Robert K. Merton was one of the most influential 20th-century sociologists. His work shaped the discipline for more than a half century. A prolific writer, editor, teacher, and scholar, Merton examined a broad variety of topics from a sociological perspective while developing concepts and theories aimed at linking particular phenomena to more general social patterns. Well known for identifying and analyzing self-fulfilling prophecies, unanticipated consequences, influentials, and role models, Merton significantly contributed to sociological thought through extensive writings, studies, lectures, and research projects. While most of Merton's career was spent at Columbia University, defining the Sociology Department and the Bureau of Applied Social Research, he was also affiliated with a wide range of professional and scholarly organizations. Merton was born Meyer R. Schkolnick on July 4, 1910 in Philadelphia, Pennsylvania. The second of two children, he was the son of Jewish immigrants from Eastern Europe. From an early age, Merton spent countless hours at the local Carnegie library where he developed broad interests in literature; particularly biographies, science, and history. In his early teens Merton formed an interest in magic and wrote a high school paper on the magician Harry Houdini. In the course of his research, he discovered that performing artists often Americanized their names. Following suit, he chose Robert Merton as his stage name; Robert, derived from the French magician Robert Houdin (whom Harry Houdini took his last name), and Merton, a version of Merlin the wizard. The middle initial stands for King, but was always abbreviated by Merton. Encouraged by his brother-in-law, Charles Hopkins, he became a skilled magician, doing an array of magic tricks as well as sleight of hand. Upon graduation from South Philadelphia High School, Robert K. Merton attended Temple University on a scholarship. While at Temple he encountered George E. Simpson, a young sociology instructor, who recruited Merton to be his research assistant. The assistantship, coupled with Simpson's lectures, sealed Merton's interest in the field of sociology. Through Simpson, Merton met Pitirim Sorokin, founder of the Sociology Department at Harvard University. After receiving a B.A. from Temple in 1931, Merton attended Harvard, claiming Sorokin's deep interest in European sociology was his only reason for choosing the university at the time. In addition to Sorokin, he also cited Talcott Parsons, E.F. Gay, and George Sarton as strong influences on his development while at Harvard. Merton received his M.A. (1932) and his Ph.D. (1936) from Harvard and went on to become an instructor in the University's Sociology Department until 1939. At Harvard University, Merton's experiences steered the course of his sociological pursuits. While serving as research assistant to Sorokin, Merton wrote his first published paper, "Recent French Sociology" in 1934, which led him to the work of Emile Durkheim and formed the basis for what would become Merton's "own mode of structural and functional analysis." Merton's interest in science and technology grew as he attended a course taught by economic historian E.F. Gay, worked with Sorokin on a joint paper on “Arabian Intellectual Development,” and encountered George Sarton, the father of the then nascent discipline, the history of science. Sarton greatly influenced Merton's scholarly development and their association, which Merton called an "unruly apprenticeship," lasted 25 years. Merton's dissertation, on the reciprocal connections between science and society, focused specifically on the role Puritanism took in encouraging the rise of science and showed, counter to ideas prevalent at the time, that religion could stimulate and canalize rather than undermine scientific activity. His dissertation, Science, Technology and Society in Seventeenth Century England, published in 1938, is widely viewed as the first work in the sociology of science and continues to stimulate research on the origins of modern science. Merton is considered to be the founder of this branch of sociology. In 1939 Merton moved to New Orleans and became Associate Professor in Tulane University's Sociology Department, later becoming the department chair. In 1941 Merton accepted an Assistant Professor position in the Sociology Department at Columbia University, which would serve as his academic home for the next four decades. At Columbia, Merton was a member of the Department of Sociology while concurrently serving as the Associate Director of the Bureau of Applied Social Research, a post he held from 1942-1971. From 1963-1974, he was the Giddings Professor of Sociology and from 1974-1979, he was named to a University Professorship. In 1979 he held the titles of both Special Service Professor and University Professor Emeritus. Merton officially retired from teaching in 1984, but maintained active ties with Columbia University. In 1990, Columbia established the R.K. Merton Professorship in the Social Sciences. Sociology was a growing discipline during Merton's years at Columbia and much of his work influenced the development of the field. Among his most well-known contributions were his analysis of manifest and latent functions, theories of the middle range, social structure and anomie, bureaucratic structure and personality, the sociology of knowledge, including the varying perspectives of outsiders and insiders, and opportunity structures. He also examined a wide variety of subjects from a sociological perspective, including science, formal organizations, media, friendship, and deviant behavior and its sources. His interest in the sociology of science took a new turn in the late 1950s when he turned to studies of the allocation of recognition for scientific discoveries and the reward system of science, in which competition for priority plays a major role. In the decades which followed, he pursued his work on multiple independent discoveries, and their implications for the development of knowledge, priority, and the Matthew effect. Merton's involvement with the Bureau of Applied Social Research spanned nearly 30 years. The Bureau was established a year before Merton arrived at Columbia, with Paul F. Lazarsfeld at the helm. The working relationship that developed between Lazarsfeld and Merton was one of the most significant in Merton's career and one that Merton referred to as an "improbable collaboration." While their interests and methods of inquiry differed, they proved to be complementary. Lazarsfeld was known as a methodologist while Merton was the social theorist. Pinpointing their influence on each other over the course of three decades is difficult. However, one of Merton's best known contributions, the focused group interview (which later was transmuted into “focus groups”), was brought about by Lazarsfeld's insistence on developing well- articulated research methodologies. At the Bureau, Merton and Lazarsfeld trained scores of students and colleagues in social research, and produced major sociological studies on the media, mass communication, mixed race housing communities, and professions. Merton published several books related to these studies including, Mass Persuasion (1946), Reader in Bureaucracy (1952), The Student- Physician (1957), Patterns in Social Life: Explorations in the Sociology of Housing (1951), and The Focused Interview (1956). In this same period, Merton's lectures on sociological theory drew scores of students not only from the sociology department but also from departments of history, anthropology, and economics. Courses included Analysis of Social Structure, History of Theory, and Selected Problems in the Theory of Organizations. In conjunction with his studies at the Bureau, Merton also led seminars on the Professions in Modern Society, the Sociological Study of Medical Schools, and the Social Organization of Housing Communities. His commitment to the sociology of science developed further in a seminar of the same name which Merton co-taught with Harriet Zuckerman. As teacher and dissertation advisor, he influenced generations of leading sociologists. These included James Coleman, Peter Blau, Seymour Martin Lipset, Lewis and Rose Coser, Alvin Gouldner, Alice Kitt Rossi, Raymond Boudon, Gary Runciman, Cynthia Epstein, Stephen Cole, Jonathan Cole, and Harriet Zuckerman. All apart from his teaching, Merton was a productive scholar and editor. In addition to serving on various editorial boards for scholarly publications, as varied as Britannica International Encyclopedia and ISIS, he also edited vast numbers of manuscripts by students and colleagues. By Merton's own estimate, he edited 2,000 articles and 250 books. His own writings include over 175 published articles and nearly 30 books, as well as numerous book reviews, forwards, introductions, and compilations. Many of the well-known theories and concepts Merton created are reflected in his published articles, including "The Unanticipated Consequences of Purposive Social Action" (1936), "The Self-Fulfilling Prophecy" (1948), "Social Structure and Anomie" (1938), "Insiders and Outsiders" (1972), and "Priorities in Scientific Discovery: A Chapter in the Sociology of Science" (1957). Merton's notable books include Social Theory and Social Structure (1949; 1957 and 1968 enlarged edition), Contemporary Social Problems (with Robert Nisbet) (1961), and The Sociology of Science: Theoretical and Empirical Investigations (1973), and The Travels and Adventures of Serendipity (2003). A fastidious and tireless scholar, Merton devoted long hours to study and research. He was known to sleep very little, and often noted the early morning hour in his letters. Owing to his meticulous note taking and organization of research materials, he revisited earlier themes and ideas, revised and restructured his writing. He also put many projects aside being dissatisfied with the work he had done and completed them only decades later. Merton was a lover of language and embarked on projects to analyze words and their origins, from a historical and sociological perspective, the best known being the aphorism "If I have seen further it is by standing on the shoulders of giants." Merton's journey to discover the phrases' origins led to the publication of On the Shoulders of Giants: a Shandean Postscript in 1965. The book, which he characterized as his favorite “brain child,” is told as a discursive narrative, drawing the reader into the process of its creation while examining the creation of ideas. Many of Merton's publications follow this technique, and contain Merton's trademark wit and humor. Merton's numerous interests were also reflected in his affiliations with various committees, commissions, boards, and councils. Merton was an adjunct faculty member at The Rockefeller University and Resident Scholar and Foundation Scholar with the Russell Sage Foundation. He served as the George Sarton Professor of the History of Science at the University of Ghent in Belgium from 1986-1987 and as President of various professional associations, including the American Sociological Association, Sociological Research Association, Eastern Sociological Society, and the Society for Social Studies of Science. Merton's professional accolades speak to his extraordinary accomplishments. Over the course of his career he garnered twenty nine honorary degrees from universities around the world, membership in honorary societies, awards, lectureships, and trusteeships. His most notable honors include membership in the National Academy of Science, the American Philosophical Society, the Swedish Academy of Science, the British Academy and the Academia Europea. In 1994 Merton became the first sociologist to receive the National Medal of Science. He also held a Guggenheim Foundation Fellowship in 1962, a MacArthur Prize Fellowship in 1983-1988, and the American Sociological Association's Common Wealth Award for Distinguished Service in 1979. Colleagues remarked that had there been a Nobel Prize in Sociology, Merton surely would have received it. Merton was married twice and had three children, Stephanie, Robert, and Vanessa. He passed away on February 23, 2003 at the age of 92. His final work, co-authored with Elinor Barber, The Travels and Adventures of Serendipity, was published in Italian in 2002 and posthumously in English in 2004. Sources: Crothers, Charles. Robert K. Merton. Key Sociologists Series. Chichester: Ellis Horwood Limited; London: Tavistock Publications, 1987. Merton, Robert K. "A Life of Learning: Charles Homer Haskins Lecture." ACLS Occasional Paper, No. 25. New York: American Council of Learned Societies, 1994.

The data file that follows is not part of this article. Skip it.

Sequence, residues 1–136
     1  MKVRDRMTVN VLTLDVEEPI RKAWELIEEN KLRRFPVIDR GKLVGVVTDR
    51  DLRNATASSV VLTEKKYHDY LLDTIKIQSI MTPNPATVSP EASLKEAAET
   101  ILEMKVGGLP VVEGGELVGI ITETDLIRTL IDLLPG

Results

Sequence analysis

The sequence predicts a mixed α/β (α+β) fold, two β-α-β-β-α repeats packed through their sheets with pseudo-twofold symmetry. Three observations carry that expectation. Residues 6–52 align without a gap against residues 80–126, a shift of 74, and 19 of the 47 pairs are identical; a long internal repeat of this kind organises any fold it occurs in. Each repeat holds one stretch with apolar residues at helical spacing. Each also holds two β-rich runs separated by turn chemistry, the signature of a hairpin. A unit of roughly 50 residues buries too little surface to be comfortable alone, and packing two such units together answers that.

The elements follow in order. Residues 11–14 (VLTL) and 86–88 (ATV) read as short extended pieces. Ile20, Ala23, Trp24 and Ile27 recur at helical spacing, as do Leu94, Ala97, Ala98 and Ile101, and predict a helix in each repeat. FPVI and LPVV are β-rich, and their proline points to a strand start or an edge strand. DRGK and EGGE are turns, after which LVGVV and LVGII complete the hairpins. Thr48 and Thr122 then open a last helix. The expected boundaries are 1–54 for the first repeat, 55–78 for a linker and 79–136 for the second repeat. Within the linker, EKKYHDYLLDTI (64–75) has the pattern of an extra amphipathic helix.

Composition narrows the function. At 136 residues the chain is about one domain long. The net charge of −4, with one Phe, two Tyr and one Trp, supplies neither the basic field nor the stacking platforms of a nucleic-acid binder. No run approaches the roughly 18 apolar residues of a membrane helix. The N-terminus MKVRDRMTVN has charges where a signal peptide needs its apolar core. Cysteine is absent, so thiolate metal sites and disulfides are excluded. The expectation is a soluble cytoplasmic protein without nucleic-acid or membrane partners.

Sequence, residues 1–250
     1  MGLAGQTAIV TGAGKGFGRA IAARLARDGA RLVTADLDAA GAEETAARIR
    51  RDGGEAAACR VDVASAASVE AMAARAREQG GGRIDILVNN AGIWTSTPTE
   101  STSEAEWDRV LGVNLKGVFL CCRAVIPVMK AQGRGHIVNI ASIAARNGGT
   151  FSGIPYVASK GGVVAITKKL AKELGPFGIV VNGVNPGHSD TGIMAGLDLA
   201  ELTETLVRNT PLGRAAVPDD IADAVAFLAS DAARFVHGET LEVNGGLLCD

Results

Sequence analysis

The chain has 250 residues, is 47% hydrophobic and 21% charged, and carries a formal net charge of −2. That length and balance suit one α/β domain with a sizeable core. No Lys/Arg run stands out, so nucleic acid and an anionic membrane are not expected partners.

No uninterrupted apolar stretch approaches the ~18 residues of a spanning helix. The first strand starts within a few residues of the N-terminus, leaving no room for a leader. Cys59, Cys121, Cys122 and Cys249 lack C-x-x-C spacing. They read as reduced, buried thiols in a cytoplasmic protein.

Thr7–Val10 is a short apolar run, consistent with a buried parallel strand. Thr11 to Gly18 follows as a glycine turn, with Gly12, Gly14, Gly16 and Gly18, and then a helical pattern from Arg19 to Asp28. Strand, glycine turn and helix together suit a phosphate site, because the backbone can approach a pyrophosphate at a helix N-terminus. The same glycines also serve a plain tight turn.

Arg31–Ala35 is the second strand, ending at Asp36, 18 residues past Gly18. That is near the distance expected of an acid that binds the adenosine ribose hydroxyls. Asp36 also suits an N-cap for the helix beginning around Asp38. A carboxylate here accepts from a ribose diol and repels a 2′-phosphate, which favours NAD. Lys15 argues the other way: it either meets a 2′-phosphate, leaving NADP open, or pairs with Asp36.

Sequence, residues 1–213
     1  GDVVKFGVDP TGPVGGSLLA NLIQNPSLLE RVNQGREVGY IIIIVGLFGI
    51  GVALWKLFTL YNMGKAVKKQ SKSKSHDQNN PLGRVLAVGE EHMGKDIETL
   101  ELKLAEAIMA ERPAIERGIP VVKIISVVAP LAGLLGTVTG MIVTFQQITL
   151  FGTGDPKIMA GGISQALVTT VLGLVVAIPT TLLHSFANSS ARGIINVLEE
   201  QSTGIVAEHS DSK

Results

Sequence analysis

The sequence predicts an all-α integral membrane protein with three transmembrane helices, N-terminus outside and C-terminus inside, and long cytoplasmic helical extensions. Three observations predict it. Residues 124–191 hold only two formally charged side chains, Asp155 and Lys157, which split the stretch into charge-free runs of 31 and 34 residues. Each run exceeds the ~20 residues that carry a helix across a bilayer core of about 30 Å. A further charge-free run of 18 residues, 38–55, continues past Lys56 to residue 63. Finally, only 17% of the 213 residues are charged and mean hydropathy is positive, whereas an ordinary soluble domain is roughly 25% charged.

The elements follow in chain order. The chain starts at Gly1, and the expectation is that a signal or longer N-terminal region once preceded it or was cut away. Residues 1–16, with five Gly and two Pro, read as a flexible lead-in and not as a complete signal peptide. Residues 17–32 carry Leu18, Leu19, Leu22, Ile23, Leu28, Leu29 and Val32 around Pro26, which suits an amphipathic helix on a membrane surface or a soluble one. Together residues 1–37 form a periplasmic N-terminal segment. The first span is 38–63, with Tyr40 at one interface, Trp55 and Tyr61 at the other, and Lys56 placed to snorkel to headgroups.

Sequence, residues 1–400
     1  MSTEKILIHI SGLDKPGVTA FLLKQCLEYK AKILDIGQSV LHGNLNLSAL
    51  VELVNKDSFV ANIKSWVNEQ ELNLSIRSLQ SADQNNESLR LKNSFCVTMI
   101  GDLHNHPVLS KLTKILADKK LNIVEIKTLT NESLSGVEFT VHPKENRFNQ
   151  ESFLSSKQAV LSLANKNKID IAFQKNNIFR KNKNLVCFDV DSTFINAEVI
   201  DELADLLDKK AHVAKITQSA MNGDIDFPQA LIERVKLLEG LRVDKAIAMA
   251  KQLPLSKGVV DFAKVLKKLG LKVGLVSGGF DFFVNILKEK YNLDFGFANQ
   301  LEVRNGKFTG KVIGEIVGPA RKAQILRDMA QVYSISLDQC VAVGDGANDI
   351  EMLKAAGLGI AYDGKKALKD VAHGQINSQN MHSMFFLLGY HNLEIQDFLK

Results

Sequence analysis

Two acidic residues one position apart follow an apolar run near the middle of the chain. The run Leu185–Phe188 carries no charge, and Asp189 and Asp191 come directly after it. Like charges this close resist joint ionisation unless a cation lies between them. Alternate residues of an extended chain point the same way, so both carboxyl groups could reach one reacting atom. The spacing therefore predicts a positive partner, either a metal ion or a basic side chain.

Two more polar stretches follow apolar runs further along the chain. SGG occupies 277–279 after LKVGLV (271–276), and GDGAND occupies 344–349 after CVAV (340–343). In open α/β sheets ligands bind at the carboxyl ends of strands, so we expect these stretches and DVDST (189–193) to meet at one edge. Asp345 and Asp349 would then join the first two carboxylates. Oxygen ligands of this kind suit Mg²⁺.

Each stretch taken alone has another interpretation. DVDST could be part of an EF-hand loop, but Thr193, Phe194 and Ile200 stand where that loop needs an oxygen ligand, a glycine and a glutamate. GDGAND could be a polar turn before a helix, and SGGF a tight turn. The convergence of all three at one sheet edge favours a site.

Scope and Contents

The papers of noted sociologist Robert K. Merton (1910-2003) span his professional and academic career, beginning with his formative years as a student in the early 1930s and documenting his notable contributions in the field of sociology through the mid to late twentieth century. The papers as a whole portray the many facets of Merton's lengthy career including writings and studies, public and classroom lectures, research, and professional affiliations. Included are extensive course lecture notes, edits and drafts of published and unpublished writings, and items related to Merton's early work with Paul F. Lazarsfeld at the Bureau of Applied Social Research. Incoming and outgoing correspondence comprises a large portion of the collection. These letters, with key sociologists, authors, publishers, and prominent figures in a range of disciplines, detail the formation of many of Merton's original ideas and concepts, in addition to covering Merton's numerous academic and scholarly endeavors. Merton's varied interests and broad achievements are reflected in correspondence, notes, drafts, memoranda, and clippings. Merton meticulously organized his material and the arrangement presented here closely follows the original order.